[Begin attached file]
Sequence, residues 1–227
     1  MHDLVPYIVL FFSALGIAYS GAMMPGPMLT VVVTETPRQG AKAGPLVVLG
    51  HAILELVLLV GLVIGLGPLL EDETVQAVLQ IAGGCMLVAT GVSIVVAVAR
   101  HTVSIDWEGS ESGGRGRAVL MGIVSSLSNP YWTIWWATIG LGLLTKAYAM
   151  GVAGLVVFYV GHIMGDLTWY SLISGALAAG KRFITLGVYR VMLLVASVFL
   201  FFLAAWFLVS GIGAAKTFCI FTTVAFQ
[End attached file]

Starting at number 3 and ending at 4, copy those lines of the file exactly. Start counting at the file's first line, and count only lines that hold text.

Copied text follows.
    51  HAILELVLLV GLVIGLGPLL EDETVQAVLQ IAGGCMLVAT GVSIVVAVAR
   101  HTVSIDWEGS ESGGRGRAVL MGIVSSLSNP YWTIWWATIG LGLLTKAYAM